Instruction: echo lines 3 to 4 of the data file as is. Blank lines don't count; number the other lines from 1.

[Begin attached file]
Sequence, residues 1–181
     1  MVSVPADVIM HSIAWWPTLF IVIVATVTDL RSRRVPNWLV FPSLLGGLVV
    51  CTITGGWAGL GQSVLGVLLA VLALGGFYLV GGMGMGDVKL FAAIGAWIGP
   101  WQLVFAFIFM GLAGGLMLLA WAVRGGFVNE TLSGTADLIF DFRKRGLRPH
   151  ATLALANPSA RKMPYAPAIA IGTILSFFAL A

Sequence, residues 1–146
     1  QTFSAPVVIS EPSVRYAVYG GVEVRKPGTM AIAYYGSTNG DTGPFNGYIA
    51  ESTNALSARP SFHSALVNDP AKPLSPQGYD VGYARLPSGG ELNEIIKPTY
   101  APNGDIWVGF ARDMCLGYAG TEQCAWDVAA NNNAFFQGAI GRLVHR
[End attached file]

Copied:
    51  CTITGGWAGL GQSVLGVLLA VLALGGFYLV GGMGMGDVKL FAAIGAWIGP
   101  WQLVFAFIFM GLAGGLMLLA WAVRGGFVNE TLSGTADLIF DFRKRGLRPH